Thomas F. O’Neil, a longtime radio and TV executive who helped create the popular “Million Dollar Movie,” died March 14 of heart failure at his home in Greenwich, Conn. He was 82.
Following service in the U.S. Coast Guard during World War II, O’Neil acquired the Yankee Network, a group of Boston radio stations, in 1947. The next year he formed General Teleradio by combining Yankee Network with the new venture of TV.
During the early 1950s, O’Neil upped his acquisitions of radio outlets, acquiring the 45 stations of the Don Lee Network on the West Coast in 1950, along with Los Angeles’ KHJ-TV. In 1952 he acquired New York’s WOR-AM and WOR-TV from R.H. Macy Co. He then acquired the Mutual Broadcasting System in 1953.
During this time, O’Neil came upon the idea of airing the same film three times a day, five times a week, similar to a movie theater, as a way to attract viewers and to increase his inventory of programs to run. The concept, known as “The Million Dollar Movie,” was an overwhelming success.
In 1954, O’Neil entered into a deal with Howard Hughes, purchasing RKO Radio Pictures from him for $25 million.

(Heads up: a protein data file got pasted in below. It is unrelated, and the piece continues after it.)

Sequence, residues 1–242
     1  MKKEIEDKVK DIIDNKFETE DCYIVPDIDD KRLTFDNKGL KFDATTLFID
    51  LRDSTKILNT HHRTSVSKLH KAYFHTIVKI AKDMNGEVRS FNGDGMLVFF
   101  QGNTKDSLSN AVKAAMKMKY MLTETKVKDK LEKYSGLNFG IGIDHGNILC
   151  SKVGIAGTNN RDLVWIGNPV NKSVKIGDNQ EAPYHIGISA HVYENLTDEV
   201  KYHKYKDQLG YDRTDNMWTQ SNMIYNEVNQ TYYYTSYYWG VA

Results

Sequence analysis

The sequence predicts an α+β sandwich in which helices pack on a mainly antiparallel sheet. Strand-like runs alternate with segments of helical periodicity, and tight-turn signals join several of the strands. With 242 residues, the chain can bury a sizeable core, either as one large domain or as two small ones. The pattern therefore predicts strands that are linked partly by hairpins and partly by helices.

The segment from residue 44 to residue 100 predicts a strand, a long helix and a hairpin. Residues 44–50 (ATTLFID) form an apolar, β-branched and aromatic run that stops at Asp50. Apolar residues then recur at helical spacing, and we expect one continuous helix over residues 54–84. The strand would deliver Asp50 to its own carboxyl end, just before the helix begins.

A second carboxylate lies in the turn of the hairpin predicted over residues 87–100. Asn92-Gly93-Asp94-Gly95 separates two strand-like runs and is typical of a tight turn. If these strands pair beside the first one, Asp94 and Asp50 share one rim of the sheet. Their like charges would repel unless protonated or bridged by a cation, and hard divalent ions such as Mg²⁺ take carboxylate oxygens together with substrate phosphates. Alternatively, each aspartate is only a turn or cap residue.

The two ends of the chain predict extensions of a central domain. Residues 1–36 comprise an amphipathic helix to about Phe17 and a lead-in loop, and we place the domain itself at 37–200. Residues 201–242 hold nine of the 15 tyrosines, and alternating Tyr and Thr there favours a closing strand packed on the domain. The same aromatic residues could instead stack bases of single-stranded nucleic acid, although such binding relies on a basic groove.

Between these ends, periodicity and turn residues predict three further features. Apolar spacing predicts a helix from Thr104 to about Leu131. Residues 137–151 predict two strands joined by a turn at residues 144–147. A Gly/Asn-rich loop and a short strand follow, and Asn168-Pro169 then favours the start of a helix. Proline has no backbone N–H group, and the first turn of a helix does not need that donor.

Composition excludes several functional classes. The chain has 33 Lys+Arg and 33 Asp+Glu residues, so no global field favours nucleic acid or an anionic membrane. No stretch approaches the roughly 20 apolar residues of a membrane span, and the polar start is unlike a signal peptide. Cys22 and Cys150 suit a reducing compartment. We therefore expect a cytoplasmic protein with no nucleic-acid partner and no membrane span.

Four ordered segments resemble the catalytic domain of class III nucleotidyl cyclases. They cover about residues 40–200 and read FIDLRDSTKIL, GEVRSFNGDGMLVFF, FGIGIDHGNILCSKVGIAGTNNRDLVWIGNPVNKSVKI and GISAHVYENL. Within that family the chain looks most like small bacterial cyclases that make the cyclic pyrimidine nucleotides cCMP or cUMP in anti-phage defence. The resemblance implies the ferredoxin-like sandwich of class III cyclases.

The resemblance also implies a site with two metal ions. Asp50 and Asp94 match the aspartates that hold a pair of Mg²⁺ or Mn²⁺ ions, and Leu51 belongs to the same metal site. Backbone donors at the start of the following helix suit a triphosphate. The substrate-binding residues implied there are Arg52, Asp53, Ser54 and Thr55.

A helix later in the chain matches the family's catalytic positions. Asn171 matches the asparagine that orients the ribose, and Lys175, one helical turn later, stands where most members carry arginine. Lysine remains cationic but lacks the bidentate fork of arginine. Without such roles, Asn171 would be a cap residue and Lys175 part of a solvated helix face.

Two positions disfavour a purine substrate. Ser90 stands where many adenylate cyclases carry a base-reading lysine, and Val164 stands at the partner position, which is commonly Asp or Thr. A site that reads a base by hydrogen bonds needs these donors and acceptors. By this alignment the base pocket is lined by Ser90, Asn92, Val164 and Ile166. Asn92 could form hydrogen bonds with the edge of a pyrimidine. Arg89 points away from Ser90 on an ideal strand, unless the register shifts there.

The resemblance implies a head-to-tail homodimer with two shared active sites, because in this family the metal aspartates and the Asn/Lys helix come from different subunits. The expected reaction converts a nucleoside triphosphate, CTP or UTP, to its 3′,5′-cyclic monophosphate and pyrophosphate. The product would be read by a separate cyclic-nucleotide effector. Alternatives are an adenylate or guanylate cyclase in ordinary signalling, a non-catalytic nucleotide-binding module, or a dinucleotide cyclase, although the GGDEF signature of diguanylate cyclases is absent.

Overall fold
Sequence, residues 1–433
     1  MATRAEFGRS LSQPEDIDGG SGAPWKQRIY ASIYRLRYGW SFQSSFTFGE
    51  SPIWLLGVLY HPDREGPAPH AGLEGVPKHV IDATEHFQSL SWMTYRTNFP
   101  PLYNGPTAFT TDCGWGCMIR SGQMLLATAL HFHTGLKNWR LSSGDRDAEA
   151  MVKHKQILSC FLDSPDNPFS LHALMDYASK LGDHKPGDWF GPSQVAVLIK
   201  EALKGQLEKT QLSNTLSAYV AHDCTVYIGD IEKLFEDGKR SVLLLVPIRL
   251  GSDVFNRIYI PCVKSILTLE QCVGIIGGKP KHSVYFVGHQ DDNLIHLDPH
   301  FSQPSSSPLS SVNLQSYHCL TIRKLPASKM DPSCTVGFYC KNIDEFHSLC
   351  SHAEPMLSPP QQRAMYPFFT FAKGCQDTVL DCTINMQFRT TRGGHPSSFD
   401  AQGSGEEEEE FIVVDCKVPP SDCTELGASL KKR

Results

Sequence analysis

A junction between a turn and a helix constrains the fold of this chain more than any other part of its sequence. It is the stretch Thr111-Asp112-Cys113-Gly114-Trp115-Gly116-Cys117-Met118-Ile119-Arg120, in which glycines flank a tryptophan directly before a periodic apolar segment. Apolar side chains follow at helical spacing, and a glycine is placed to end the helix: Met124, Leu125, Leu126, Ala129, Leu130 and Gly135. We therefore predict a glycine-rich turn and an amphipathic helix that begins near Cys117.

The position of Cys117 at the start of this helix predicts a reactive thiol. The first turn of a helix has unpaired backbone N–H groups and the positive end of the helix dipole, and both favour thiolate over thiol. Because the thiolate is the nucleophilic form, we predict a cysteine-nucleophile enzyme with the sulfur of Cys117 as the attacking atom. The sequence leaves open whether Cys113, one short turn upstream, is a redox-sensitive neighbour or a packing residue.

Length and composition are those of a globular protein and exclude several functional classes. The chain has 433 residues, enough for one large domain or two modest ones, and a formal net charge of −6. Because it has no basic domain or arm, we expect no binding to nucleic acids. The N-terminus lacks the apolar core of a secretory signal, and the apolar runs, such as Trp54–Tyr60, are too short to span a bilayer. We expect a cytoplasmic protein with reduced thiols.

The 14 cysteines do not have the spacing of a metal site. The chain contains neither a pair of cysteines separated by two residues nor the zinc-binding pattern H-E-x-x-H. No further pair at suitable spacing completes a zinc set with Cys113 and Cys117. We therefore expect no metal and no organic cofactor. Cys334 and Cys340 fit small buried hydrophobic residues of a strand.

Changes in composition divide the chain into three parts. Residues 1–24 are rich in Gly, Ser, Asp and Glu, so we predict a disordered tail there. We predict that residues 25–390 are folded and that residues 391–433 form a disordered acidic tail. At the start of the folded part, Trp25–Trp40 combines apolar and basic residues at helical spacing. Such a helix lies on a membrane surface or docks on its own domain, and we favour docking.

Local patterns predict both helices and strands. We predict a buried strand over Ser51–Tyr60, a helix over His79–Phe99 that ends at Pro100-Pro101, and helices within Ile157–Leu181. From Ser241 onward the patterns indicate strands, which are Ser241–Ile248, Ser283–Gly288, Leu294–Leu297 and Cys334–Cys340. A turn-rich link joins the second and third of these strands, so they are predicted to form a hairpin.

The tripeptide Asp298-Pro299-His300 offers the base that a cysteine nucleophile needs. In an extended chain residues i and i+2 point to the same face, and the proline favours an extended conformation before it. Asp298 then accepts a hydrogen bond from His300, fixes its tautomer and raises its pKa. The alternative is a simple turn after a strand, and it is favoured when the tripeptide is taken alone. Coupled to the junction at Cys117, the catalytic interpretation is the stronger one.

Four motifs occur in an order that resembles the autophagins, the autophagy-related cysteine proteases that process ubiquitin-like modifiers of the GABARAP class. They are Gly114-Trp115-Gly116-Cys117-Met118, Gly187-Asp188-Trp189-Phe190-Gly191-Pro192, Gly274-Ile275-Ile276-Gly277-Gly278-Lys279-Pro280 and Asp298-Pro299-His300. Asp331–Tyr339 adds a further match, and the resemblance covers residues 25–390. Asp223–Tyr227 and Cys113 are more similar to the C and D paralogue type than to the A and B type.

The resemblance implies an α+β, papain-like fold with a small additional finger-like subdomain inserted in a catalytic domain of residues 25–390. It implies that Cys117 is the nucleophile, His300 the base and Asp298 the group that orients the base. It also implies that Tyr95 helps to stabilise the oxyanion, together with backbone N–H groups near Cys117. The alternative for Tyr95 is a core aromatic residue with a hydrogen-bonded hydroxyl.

This deal provided O’Neil with a healthy library of films to run on his TV stations. RKO’s name was then changed to RKO General. He sold the RKO Studios lot on Gower Street (now Paramount Television) in Hollywood to Lucille Ball and Desi Arnaz’s Desilu Prods. in 1957.
In 1961 he bought Video Independent Theatres, the first company to test “telemovies,” the first commercial attempt at pay TV. As a result, O’Neil began the first large-scale pay TV system, using RKO’s Hartford, Conn., TV station, WHCT-TV.
O’Neil retired in 1985.
He is survived by his wife, Claire McCahey O’Neil, five sons, four daughters, 20 grandchildren and two great grandchildren.
— John Magrisso